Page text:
1. Developmental Biology
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Reciprocal analyses in zebrafish and medaka reveal that harnessing the immune response promotes cardiac regeneration

  1. Didier YR Stainier  Is a corresponding author
  2. Shih-Lei Ben Lai  Is a corresponding author
  3. Rubén Marín-Juez
  4. Pedro Luís Moura
  5. Carsten Kuenne
  6. Jason Kuan Han Lai
  7. Ayele Taddese Tsedeke
  8. Stefan Guenther
  9. Mario Looso
  1. Max Planck Institute for Heart and Lung Research, Germany
  2. University of Bristol, United Kingdom
Research Article
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Cite this article as: eLife 2017;6:e25605 doi: 10.7554/eLife.25605

Abstract

Zebrafish display a distinct ability to regenerate their heart following injury. However, this ability is not shared by another teleost, the medaka. In order to identify cellular and molecular bases for this difference, we performed comparative transcriptomic analyses following cardiac cryoinjury. This comparison points to major differences in immune cell dynamics between these models. Upon closer examination, we observed delayed and reduced macrophage recruitment in medaka, along with delayed neutrophil clearance. To investigate the role of immune responses in cardiac regeneration, we delayed macrophage recruitment in zebrafish and observed compromised neovascularization, neutrophil clearance, cardiomyocyte proliferation and scar resolution. In contrast, stimulating Toll-like receptor signaling in medaka enhanced immune cell dynamics and promoted neovascularization, neutrophil clearance, cardiomyocyte proliferation and scar resolution. Altogether, these data provide further insight into the complex role of the immune response during regeneration, and serve as a platform to identify and test additional regulators of cardiac repair.

Article and author information

Author details

  1. Didier YR Stainier

    Department of Developmental Genetics, Max Planck Institute for Heart and Lung Research, Bad Nauheim, Germany
    For correspondence
    Didier.Stainier@mpi-bn.mpg.de
    Competing interests
    Didier YR Stainier, Senior editor, eLife.
    ORCID icon "This ORCID iD identifies the author of this article:" 0000-0002-0382-0026
  2. Shih-Lei Ben Lai

    Department of Developmental Genetics, Max Planck Institute for Heart and Lung Research, Bad Nauheim, Germany
    For correspondence
    ben.lai@mpi-bn.mpg.de
    Competing interests
    No competing interests declared.
    ORCID icon "This ORCID iD identifies the author of this article:" 0000-0002-1409-4701
  3. Rubén Marín-Juez

    Department of Developmental Genetics, Max Planck Institute for Heart and Lung Research, Bad Nauheim, Germany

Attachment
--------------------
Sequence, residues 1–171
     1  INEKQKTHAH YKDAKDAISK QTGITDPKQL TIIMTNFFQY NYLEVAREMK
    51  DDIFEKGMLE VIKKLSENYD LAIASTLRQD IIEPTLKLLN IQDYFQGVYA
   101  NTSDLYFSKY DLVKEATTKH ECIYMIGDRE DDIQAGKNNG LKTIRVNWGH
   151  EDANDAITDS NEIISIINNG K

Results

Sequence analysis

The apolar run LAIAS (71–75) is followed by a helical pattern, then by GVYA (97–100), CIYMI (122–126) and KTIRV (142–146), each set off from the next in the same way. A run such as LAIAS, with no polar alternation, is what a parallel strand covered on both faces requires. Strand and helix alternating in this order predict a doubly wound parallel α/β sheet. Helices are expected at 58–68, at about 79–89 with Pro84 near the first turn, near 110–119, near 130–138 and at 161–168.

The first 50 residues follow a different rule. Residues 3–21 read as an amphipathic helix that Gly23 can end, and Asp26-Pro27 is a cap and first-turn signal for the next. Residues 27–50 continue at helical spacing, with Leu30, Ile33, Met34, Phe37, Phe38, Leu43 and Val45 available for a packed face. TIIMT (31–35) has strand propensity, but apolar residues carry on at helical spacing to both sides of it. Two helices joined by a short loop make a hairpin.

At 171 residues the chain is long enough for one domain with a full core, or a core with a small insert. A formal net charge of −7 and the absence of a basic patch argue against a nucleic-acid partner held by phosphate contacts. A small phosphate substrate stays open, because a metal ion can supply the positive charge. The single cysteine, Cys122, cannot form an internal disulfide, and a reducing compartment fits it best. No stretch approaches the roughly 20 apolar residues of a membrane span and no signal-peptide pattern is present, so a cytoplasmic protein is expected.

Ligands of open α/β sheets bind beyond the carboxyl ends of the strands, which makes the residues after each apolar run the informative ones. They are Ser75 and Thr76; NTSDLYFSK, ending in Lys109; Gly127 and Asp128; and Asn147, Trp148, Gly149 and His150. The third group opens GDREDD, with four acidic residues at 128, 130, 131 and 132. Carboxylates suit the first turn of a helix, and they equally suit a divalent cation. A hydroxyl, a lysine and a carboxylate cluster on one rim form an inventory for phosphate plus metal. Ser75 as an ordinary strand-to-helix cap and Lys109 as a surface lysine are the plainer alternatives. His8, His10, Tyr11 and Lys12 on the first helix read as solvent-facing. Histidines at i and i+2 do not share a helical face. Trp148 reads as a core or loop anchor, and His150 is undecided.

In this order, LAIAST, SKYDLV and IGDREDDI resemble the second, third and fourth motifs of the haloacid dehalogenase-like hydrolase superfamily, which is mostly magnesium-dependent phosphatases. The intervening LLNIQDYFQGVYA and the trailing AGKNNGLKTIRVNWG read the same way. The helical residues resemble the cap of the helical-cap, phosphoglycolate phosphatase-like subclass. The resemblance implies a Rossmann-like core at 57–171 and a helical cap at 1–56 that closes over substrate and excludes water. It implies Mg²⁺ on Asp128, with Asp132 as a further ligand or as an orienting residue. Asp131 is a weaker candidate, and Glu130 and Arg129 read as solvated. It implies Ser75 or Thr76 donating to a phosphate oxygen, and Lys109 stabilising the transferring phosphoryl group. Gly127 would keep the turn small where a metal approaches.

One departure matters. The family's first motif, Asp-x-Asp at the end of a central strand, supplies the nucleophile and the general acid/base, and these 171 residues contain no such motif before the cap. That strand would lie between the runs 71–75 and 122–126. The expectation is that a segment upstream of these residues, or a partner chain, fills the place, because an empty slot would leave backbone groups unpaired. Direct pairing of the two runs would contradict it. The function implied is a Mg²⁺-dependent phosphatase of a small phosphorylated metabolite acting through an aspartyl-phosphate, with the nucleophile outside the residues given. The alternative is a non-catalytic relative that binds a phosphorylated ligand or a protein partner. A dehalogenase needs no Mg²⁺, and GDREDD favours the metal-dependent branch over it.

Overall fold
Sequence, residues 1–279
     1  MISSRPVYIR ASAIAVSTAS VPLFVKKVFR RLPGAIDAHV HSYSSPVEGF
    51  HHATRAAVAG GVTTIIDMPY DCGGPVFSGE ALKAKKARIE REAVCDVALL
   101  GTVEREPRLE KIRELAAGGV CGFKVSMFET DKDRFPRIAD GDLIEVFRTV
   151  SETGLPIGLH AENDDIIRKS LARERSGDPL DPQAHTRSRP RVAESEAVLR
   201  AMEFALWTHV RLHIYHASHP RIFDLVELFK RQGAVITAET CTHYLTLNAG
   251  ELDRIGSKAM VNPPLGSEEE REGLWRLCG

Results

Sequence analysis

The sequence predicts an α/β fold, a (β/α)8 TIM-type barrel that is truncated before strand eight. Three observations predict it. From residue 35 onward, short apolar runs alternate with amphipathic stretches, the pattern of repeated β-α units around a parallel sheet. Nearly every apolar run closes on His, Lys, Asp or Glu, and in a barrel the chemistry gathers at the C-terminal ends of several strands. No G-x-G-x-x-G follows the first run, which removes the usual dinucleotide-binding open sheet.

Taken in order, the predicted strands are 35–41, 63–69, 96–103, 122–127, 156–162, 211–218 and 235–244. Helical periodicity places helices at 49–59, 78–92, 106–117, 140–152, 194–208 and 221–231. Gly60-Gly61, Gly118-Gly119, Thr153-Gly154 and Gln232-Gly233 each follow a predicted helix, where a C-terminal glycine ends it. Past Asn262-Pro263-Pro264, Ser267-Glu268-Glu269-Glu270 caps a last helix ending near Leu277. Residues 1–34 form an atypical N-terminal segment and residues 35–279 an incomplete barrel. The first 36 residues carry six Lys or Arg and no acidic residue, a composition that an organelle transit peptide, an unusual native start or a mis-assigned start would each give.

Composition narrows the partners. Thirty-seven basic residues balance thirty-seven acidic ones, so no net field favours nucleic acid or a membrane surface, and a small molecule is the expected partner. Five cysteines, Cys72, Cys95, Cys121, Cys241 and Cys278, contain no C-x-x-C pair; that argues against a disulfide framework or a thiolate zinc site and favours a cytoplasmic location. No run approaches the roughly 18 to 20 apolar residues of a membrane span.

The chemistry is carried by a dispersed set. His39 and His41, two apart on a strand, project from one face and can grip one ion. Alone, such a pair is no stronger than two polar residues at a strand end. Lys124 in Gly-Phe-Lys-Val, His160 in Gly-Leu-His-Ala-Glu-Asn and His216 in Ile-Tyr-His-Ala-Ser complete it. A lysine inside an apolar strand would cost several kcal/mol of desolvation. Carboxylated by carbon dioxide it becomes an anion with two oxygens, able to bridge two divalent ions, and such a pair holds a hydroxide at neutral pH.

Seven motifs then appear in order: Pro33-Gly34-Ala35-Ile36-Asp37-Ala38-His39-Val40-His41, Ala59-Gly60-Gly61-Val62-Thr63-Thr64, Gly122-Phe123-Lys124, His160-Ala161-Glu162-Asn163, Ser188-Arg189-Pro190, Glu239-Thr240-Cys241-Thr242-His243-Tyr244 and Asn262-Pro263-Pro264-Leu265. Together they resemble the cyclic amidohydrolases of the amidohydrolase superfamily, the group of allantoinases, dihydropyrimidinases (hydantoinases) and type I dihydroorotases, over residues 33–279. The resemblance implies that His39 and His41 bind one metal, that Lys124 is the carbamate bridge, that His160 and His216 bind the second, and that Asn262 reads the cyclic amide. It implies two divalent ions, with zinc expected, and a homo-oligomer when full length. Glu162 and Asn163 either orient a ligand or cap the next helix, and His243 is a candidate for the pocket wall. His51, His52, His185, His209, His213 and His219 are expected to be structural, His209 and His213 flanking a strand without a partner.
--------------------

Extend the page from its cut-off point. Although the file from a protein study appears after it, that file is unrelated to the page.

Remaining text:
Competing interests
    No competing interests declared.
  4. Pedro Luís Moura

    School of Biochemistry, University of Bristol, Bristol, United Kingdom
    Competing interests
    No competing interests declared.
  5. Carsten Kuenne

    ECCPS Bioinformatics and deep sequencing platform, Max Planck Institute for Heart and Lung Research, Bad Nauheim, Germany
    Competing interests
    No competing interests declared.
  6. Jason Kuan Han Lai

    Department of Developmental Genetics, Max Planck Institute for Heart and Lung Research, Bad Nauheim, Germany
    Competing interests
    No competing interests declared.
  7. Ayele Taddese Tsedeke

    Department of Developmental Genetics, Max Planck Institute for Heart and Lung Research, Bad Nauheim, Germany
    Competing interests
    No competing interests declared.
  8. Stefan Guenther

    ECCPS Bioinformatics and deep sequencing platform, Max Planck Institute for Heart and Lung Research, Bad Nauheim, Germany
    Competing interests
    No competing interests declared.
  9. Mario Looso

    ECCPS Bioinformatics and deep sequencing platform, Max Planck Institute for Heart and Lung Research, Bad Nauheim, Germany
    Competing interests
    No competing interests declared.

Funding

Max-Planck-Gesellschaft (Open-access funding)

  • Didier YR Stainier

The funder had no role in study design, data collection and interpretation, or the decision to submit the work for publication.

Ethics

Animal experimentation: All zebrafish and medaka husbandry was performed under standard conditions, and all animal experiments were done in accordance with institutional (MPG) and national ethical and animal welfare guidelines approved by the ethics committee for animal experiments at the Regierungspräsidium Darmstadt, Germany (permit numbers B2-1023 and B2-1111).

Reviewing Editor

  1. Marianne Bronner, California Institute of Technology, United States

Publication history

  1. Received: January 30, 2017
  2. Accepted: June 15, 2017
  3. Accepted Manuscript published: June 20, 2017 (version 1)
  4. Accepted Manuscript updated: June 22, 2017 (version 2)
  5. Version of Record published: July 5, 2017 (version 3)

Copyright

© 2017, Stainier et al.

This article is distributed under the terms of the Creative Commons Attribution License permitting unrestricted use and redistribution provided that the original author and source are credited.

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